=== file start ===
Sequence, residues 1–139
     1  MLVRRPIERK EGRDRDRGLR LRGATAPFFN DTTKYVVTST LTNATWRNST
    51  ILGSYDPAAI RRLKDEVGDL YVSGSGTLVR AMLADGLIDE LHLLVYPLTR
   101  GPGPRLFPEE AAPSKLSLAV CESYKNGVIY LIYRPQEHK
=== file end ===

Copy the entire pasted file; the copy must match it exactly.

Sequence, residues 1–139
     1  MLVRRPIERK EGRDRDRGLR LRGATAPFFN DTTKYVVTST LTNATWRNST
    51  ILGSYDPAAI RRLKDEVGDL YVSGSGTLVR AMLADGLIDE LHLLVYPLTR
   101  GPGPRLFPEE AAPSKLSLAV CESYKNGVIY LIYRPQEHK